$94.95 – 60 lb Cast Iron Kettlebell from Power Systems – http://www.power-systems.com/p-3451-kettlebells.aspx – Heavy kettelbell swings are a fantastic way to train the posterior chain and hip hinge movement, and the 60 lb cast iron version from Power Systems was the heaviest one I could find under $100. Other companies regularly run specials, so you might be able to get a heavier one for less, but I had to go with the normal catalog price to keep things consistent.
$81 – 6” Box from GTech Fitness – http://www.gtechfitness.com/body-solid-6-inch-plyo-box.aspx?gclid=CIyd_8b1y7kCFckRMwodKS0AUg – For ankle strengthening and training the stretch-shortening cycle in the lower leg, I love the 6″ box. Performing 1-leg hops on and off a 6″ box is an excellent way to develop lower leg rigidity and teach body control, but who wants to pay hundreds of dollars for a tiny, little box? If you don’t have a step or someone to make you a wooden box, G-Tech Fitness has the solution.
$99 – Jungle Gym XT – Suspension training for under $100! Awesome. http://www.performbetter.com/webapp/wcs/stores/servlet/Product1_10151_10752_1005607_-1?cmp=cel&trigger=ac – Before you tell me that you prefer the TRX or whatever, just remember that the Perform Better Jungle Gym does the same thing for under $100. So, if you want to add suspension training to your program, but don’t want to spend a lot, this is a deal. This is especially important when you’re buying 5-10 of them.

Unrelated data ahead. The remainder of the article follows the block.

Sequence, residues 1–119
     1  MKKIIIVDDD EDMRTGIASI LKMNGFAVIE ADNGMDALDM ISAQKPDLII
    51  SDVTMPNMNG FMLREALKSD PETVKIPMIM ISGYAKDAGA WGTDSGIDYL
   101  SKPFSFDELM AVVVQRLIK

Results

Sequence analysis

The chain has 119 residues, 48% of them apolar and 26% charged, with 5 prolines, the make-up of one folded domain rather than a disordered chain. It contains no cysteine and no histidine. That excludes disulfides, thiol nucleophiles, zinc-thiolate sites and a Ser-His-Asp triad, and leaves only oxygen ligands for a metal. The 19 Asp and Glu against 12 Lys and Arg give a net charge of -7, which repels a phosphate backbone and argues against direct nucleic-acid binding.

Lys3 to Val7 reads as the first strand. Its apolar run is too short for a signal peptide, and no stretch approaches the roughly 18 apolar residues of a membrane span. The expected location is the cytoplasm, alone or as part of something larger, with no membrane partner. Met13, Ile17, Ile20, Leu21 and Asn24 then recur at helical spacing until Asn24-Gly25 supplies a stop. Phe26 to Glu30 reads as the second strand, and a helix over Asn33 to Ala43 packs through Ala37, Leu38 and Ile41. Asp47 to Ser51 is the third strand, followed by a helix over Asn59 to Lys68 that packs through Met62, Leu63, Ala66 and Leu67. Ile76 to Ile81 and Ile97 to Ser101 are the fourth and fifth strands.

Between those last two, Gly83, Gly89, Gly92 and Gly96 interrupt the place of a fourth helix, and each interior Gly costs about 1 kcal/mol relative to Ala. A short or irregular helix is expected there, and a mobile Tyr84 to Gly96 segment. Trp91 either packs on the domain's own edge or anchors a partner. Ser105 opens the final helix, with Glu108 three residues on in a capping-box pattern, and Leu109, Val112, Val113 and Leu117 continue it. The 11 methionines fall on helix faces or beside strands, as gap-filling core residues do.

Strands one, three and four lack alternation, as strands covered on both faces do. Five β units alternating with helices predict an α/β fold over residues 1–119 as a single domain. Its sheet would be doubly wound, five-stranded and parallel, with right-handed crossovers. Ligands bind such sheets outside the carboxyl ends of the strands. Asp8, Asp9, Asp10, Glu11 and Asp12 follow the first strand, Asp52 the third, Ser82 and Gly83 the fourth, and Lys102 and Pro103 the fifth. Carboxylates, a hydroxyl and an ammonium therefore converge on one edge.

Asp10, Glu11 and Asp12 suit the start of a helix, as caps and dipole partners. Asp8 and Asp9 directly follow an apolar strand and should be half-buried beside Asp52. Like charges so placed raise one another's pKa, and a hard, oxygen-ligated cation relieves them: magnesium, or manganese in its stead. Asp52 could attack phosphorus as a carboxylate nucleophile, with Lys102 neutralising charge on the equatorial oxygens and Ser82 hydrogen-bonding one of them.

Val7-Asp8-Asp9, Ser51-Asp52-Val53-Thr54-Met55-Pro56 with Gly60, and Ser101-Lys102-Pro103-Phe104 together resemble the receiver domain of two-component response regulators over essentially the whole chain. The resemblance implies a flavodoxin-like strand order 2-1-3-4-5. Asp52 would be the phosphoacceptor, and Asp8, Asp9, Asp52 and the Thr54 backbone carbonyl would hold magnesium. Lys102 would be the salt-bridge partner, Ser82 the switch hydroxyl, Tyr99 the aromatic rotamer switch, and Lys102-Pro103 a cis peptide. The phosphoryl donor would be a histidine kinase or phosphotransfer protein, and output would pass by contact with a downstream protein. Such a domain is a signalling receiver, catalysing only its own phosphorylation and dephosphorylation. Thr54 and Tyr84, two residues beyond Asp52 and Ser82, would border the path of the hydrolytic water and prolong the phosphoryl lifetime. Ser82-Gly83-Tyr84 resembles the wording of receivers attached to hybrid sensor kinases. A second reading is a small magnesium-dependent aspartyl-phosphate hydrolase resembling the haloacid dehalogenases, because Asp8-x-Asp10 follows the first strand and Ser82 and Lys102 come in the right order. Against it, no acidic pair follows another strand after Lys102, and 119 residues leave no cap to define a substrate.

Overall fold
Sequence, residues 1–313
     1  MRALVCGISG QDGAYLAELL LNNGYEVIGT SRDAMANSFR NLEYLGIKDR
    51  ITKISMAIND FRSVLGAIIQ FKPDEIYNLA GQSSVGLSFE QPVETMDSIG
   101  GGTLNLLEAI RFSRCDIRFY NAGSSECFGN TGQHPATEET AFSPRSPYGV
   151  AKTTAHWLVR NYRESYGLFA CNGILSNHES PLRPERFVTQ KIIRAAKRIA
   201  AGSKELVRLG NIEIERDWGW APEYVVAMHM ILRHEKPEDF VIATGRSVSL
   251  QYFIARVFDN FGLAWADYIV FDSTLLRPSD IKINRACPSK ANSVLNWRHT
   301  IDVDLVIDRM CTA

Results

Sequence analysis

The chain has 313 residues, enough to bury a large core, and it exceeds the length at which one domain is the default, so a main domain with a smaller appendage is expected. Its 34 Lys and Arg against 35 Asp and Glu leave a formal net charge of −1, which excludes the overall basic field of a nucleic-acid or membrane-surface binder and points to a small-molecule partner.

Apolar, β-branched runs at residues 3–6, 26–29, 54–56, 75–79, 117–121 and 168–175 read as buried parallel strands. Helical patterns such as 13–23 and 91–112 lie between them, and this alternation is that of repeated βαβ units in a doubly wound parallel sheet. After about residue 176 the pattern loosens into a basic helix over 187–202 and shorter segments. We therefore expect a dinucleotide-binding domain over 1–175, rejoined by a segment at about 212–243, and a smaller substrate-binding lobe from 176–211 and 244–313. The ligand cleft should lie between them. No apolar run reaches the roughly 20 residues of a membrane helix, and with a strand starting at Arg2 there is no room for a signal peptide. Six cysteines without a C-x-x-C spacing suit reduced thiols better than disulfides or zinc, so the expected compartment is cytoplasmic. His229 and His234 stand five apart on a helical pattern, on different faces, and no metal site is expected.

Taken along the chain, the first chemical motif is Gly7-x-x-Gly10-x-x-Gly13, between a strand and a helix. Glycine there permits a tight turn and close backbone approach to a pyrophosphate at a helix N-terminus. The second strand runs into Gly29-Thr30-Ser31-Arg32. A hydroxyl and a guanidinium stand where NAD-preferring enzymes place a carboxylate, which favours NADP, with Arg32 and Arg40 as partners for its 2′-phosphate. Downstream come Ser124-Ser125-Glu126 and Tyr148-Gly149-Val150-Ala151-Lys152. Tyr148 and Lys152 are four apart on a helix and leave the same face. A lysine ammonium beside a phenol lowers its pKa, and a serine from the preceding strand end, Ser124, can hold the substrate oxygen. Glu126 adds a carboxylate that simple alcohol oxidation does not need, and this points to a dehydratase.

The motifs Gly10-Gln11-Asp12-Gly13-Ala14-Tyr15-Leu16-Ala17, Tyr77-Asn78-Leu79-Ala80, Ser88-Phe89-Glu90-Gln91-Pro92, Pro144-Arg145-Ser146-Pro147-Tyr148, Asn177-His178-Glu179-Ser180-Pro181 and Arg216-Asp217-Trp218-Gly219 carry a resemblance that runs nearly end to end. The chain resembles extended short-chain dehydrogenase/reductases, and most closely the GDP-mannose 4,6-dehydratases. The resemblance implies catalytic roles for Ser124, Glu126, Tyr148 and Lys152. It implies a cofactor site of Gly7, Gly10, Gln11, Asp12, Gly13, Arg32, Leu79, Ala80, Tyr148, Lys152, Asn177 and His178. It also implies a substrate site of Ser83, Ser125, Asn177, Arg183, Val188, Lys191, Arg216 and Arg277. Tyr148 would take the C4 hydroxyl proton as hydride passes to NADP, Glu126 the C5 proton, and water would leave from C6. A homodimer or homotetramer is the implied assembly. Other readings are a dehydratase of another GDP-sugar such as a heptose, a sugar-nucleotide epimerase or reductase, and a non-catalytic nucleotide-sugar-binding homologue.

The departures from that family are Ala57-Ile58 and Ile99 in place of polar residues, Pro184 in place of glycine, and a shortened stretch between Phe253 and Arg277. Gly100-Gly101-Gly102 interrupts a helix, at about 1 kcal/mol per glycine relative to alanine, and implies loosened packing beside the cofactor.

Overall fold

$51 Leather Dip/Chin Belt – http://www.gtechfitness.com/troy-usa-sports-aldb-leather-dip-belt.aspx – You can certainly find different versions of a dip/chin belt, so I’m not saying this is necessarily the only one you should buy. I put this item on the list because it’s a “must have” addition to any weight room. Lots of athletes can perform dips and chins for high reps, so how do you overload it if you don’t have a way to add weight? You don’t. That’s why you need a dip/chin belt. Get one. Better yet, get three or four.
$32.50 Ivanko Super-Gripper – http://www.wwfitness.com/supergripper.html – This is probably my favorite item on the list. As much as I like the Captains of Crush grip trainers, the Ivanko Super-Gripper is one of the best values I’ve ever seen. It allows you to adjust the tension and hand placement for just about anyone, from really weak to incredibly strong. You can also focus on the thumb or individual fingers, which is something that’s very difficult to do with any other grip apparatus. If you’re reading this list and thinking “Which one should I buy first?” this is the one.